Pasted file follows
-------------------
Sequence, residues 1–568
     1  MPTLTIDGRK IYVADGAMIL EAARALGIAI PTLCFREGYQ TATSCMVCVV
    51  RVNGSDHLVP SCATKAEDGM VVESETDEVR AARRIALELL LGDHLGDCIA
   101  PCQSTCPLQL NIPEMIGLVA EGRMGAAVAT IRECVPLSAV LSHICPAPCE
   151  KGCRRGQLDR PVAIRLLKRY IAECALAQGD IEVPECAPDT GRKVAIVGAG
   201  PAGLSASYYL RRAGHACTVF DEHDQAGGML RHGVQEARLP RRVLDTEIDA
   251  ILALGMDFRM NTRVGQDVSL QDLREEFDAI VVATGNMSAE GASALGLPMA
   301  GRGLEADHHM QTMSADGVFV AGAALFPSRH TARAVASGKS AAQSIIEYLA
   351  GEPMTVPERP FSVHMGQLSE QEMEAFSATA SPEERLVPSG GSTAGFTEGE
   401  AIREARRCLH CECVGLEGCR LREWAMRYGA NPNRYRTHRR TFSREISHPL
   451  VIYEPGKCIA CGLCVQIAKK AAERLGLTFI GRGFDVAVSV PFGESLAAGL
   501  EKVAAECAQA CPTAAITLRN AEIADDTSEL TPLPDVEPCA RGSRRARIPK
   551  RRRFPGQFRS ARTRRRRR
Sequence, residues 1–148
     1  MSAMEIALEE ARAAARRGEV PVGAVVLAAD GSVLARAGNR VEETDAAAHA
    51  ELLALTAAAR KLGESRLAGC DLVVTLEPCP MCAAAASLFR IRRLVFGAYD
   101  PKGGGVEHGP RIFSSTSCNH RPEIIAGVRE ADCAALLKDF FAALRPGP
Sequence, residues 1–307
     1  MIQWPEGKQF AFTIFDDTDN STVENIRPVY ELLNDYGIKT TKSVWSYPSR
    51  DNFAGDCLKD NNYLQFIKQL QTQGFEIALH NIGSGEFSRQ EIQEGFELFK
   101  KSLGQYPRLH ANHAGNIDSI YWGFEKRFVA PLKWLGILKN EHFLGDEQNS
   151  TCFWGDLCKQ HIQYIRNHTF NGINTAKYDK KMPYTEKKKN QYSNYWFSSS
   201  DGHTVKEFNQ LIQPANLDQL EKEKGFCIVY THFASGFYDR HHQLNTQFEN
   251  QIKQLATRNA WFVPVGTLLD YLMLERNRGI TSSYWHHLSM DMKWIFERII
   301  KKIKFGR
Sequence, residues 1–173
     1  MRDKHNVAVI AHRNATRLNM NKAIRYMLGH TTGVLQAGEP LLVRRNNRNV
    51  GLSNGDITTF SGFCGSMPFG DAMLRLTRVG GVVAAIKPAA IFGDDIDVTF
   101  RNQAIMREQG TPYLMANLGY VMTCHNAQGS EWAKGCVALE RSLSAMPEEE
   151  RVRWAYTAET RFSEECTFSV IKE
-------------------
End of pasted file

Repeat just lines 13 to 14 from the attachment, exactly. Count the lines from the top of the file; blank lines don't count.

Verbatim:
   551  RRRFPGQFRS ARTRRRRR
Sequence, residues 1–148